# Switch mode power supply inrush current protection

I want to design a suitable PCB for my audio amplifier project. The amplifier boards (both left and right channels) will use almost 4 amps at 24 V at full power. I want to use a switch mode based power supply brick (like a laptop charger) that is rated at 6 amps, 24 V but am concerned about the inrush current this power brick will face charging two 22000 uF capacitors at power on.

I'v done a little research and have found a NTC thermistor with a relay shorting the thermistor out over a time period is a common solution to this problem, so I used Falstad to simulate as best I could.

Note: the 5 ohm resistor is in place of the NTC thermistor as the simulator dose not seem to have one. The 6 ohm resistor emulates the amplifier load.

The PNP transistor to the left is to discharge the 470 uF capacitor as soon as the circuit is powered off to 'reset the timer'.

Note: the 5 ohm resistor is in place of the NTC thermistor as the simulator dose not seem to have one.

However the load on the power brick still has a sharp peak of over 50 amps! is this accurate? (due to capacitor ESR ect..) and will my power brick handle such a spike?

As you can imagine, in-rush to charge caps during power on is a very common scenario. At thousands of watts and above, these sorts of schemes are worthwhile. But below that it's often not an issue in practice. In practice what usually saves you is the short-circuit current limit of the power supply. All useful power supplies will have a maximum current they can supply for a short period of time.

So suppose the power supply has a conservative short-circuit current limit of 6.5A. Then it will take 24*0.044/6.5 = 160ms to charge the caps at turn-on. If the current limit is higher, it will be shorter. Provided everything can handle the elevated current for a sixth of a second or so, everything will be fine.

Now what I would be more concerned about is power supply stability with a capacitive load. Generally power supplies are only rated to behave correctly up to a maximum load capacitance. 44mF is a lot. Beyond their maximum load the feedback loop of the power supply can be pulled out of stability resulting in wild oscillations of output voltage and possibly destruction. You can mitigate the capacitive effect with a series resistor on the output of the power supply, but then you have voltage and power losses to consider. I'd be trying to determine how much load capacitance the power supply can tolerate.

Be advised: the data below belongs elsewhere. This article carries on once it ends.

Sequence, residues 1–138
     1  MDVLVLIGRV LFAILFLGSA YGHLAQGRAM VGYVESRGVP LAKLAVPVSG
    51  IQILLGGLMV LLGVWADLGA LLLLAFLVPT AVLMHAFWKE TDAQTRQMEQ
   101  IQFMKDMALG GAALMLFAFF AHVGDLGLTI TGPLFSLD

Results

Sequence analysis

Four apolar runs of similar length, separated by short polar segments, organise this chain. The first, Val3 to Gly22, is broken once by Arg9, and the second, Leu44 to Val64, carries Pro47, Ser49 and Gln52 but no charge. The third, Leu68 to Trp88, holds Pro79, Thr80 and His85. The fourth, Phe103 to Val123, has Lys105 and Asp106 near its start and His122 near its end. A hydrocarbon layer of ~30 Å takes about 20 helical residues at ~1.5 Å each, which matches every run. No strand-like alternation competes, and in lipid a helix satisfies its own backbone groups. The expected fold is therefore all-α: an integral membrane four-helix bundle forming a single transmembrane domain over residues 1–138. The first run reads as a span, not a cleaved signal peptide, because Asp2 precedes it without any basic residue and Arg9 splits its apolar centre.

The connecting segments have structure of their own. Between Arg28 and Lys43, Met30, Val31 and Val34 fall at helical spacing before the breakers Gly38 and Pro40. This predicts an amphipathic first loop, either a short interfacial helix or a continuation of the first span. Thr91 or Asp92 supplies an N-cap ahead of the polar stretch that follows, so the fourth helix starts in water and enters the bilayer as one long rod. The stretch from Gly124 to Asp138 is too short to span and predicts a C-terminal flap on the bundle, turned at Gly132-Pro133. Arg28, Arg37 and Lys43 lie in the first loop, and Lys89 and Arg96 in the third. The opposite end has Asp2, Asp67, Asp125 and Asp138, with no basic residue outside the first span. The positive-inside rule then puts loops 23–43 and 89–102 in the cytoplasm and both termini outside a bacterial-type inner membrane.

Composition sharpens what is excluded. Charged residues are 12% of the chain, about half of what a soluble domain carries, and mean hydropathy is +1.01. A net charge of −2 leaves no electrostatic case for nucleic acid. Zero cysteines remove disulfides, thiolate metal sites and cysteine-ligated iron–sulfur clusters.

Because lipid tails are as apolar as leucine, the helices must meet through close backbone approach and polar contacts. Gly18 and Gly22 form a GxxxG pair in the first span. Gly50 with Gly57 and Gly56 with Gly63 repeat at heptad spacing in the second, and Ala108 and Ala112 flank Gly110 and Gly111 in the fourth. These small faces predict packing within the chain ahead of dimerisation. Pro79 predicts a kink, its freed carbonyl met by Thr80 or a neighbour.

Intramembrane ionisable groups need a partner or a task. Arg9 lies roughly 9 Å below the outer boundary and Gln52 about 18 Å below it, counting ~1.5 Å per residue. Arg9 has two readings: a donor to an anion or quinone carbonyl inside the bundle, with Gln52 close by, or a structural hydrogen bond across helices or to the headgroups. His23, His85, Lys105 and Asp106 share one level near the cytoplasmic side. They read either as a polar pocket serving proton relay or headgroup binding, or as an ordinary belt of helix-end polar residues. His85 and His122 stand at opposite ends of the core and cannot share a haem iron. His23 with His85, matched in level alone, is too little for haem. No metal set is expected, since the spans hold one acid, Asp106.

You are turning on the relay based on time. However, at t=3.49 sec the voltage of the capacitor bank still is 'only' 12.4 V.
When the relay turns on at t=3.5 sec, the NTC is shunted (too early!) causing a current spike of $$\frac{ V_{in} - V_\text{capacitor bank} }{R_\text{fuse} + R_{\text{100m}\Omega} + R_\text{relay} + R_\text{ESR}/3 } = \frac{ 24V-12.4V }{ 61 \text{ m}\Omega + 100 \text{ m}\Omega + 50 \text{ m}\Omega + 20/3 \text{ m}\Omega } = 53 \text{ A}$$

So, the simulations seems quite decent.

• Why on earth doesn't falstad have reference designators?? – Huisman Sep 28 '19 at 19:43
• Yes this is the problem. It seems the lowest resistance of a typical thermistor at this current rating is around 5 ohm. I have also considered two mosfets wired in parallel (to share the load) but seems to much heat even for to-247 packages. – G Frank Sep 28 '19 at 19:44
• @GFrank I don't understand your comment. The problem is not with the NTC, the problem is with the timer circuit. It activates too early. But I would remove the timer circuit anyway and control the relay based on the capacitor bank's voltage. – Huisman Sep 28 '19 at 19:47
• I'm sorry iv never needed to use a NTC before. how long typically will a NTC take at this current to reach below 1ohm? – G Frank Sep 28 '19 at 19:53
• At what temperature? Couldn't find this data on the data sheet. At for triggering the relay based on the NTC I don't want to do that as I always want X amount of seconds (but still give NTC enough time to conduct) before fully powering on the amp. – G Frank Sep 28 '19 at 20:12